- Responsive moves in both directions - much smaller screens AND much larger screens. We had two clients who wanted their sites to adapt from 300px wide all the way to 1800px wide.
- Reverse chronological streams of content (that is, the blog format) don’t work as well as they used to. Readers demand personalized, curated and direct access to the content they care about - and that might mean serving them up something that is NOT the newest post.
We are looking forward to new adventures in 2013. XOXCO will continue to work on new reader aware design tools and techniques, and we’ll be engaging directly with publishers to help them go beyond the limitations of their content management systems and traditional web publishing platforms to create exciting new digital experiences. Keep an eye on our blog for more!
Last week, I wrote about the concept of reader aware design - the idea that our content websites can now look back at us and alter their layout to best suite our needs as readers without requiring us to login or create accounts.
Today, I’m excited to announce the release of the first version of Aware.js, a jQuery plugin that implements many of these features, and enables developers to apply techniques first used in responsive design to these new reader contexts.
What does Aware.js do?
- Adds CSS classes to identify various classes of users: new visitors, repeat visitors, and repeat visitors who are making their first visit of the day.
- Flags content that is new to the reader for easy CSS styling.
- Inserts relative bookmarks into the content stream to clearly indicate what a reader has already seen.
We’re releasing Aware.js now to continue the conversation about reader aware design, and to collect feedback and suggestions from the community. What other information might Aware.js provide about a reader? How will you use these tools and techniques on your site? We’d love to hear from you - Send us a tweet to @XOXCO!
As with any framework, there are tradeoffs, and we expected some complications to come along with the magical benefits Ember offers. Coding Ember applications is easier than building everything from scratch using jQuery, but performance and low-level optimization suffers. Overall, we’re going to be extremely cautious for now, and we’ll continue to explore alternatives like Backbone.js, which may offer a lot of the same benefits with less overhead and mystery.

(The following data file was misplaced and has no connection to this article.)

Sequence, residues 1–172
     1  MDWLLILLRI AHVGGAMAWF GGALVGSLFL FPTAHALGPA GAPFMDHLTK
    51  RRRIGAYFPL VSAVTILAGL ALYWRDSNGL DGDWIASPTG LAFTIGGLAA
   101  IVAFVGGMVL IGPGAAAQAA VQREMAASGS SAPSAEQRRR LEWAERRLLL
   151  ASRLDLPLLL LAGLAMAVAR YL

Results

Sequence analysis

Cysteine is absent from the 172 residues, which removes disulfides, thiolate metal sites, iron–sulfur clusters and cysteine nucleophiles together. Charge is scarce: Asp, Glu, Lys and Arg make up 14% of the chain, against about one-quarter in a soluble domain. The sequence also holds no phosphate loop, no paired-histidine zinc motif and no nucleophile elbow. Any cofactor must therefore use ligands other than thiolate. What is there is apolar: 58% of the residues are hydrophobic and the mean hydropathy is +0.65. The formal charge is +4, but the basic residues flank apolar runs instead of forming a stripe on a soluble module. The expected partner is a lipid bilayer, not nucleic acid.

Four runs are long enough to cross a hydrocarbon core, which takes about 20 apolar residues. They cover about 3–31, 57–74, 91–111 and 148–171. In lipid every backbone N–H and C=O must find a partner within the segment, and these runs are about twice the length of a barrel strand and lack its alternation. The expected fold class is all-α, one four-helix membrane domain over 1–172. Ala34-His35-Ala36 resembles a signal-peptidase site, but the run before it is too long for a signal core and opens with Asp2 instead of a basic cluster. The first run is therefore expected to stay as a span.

The whole team has been working together on our current big client project. Half the time is spent building a Drupal-powered content management and community moderation tool that exposes a RESTful JSON API to the outside world. The other half of our time is spent building an HTML5 client application that ingests information from the API and creates a dynamically generated interface to the features and content. We’re really excited about using Drupal in this way, as it provides the best and most flexible content management tools we’ve seen. And exposing all of the Drupal data via a JSON API means we do not have to spend time building a custom Drupal theme — all of the customer facing screens are built in the HTML5 client. This allows us to separately develop and scale these two components separately, and means that it will be substantially easier to build new clients that talk to the same server APIs. And most importantly, it means that nobody at XOXCO will ever have to spend time mucking about with PHP template files!
This project runs through mid-July, and then we’ll be spending some time as a team to finish up Damien’s creation, code named “Sharky.” We’ve also got an exciting R&D project ongoing that we hope to debut in coming weeks. More on that soon.
In the meantime, I’ve been interviewing candidates for our design position, as well as for our summer internship. I’m very pleased with every single person I’ve interviewed, and I’m sure this will prove to be a very difficult choice to make. Through this process, I’ve honed my description of how we work at XOXCO and what we hope to achieve as a company, and it is very gratifying to hear from candidates that it sounds like a fun, creative place to work. I am still interviewing candidates, so if you are a designer in Austin looking for a crazy new place to spend your days, get in touch!
That’s it for week #203 of XOXCO, Inc.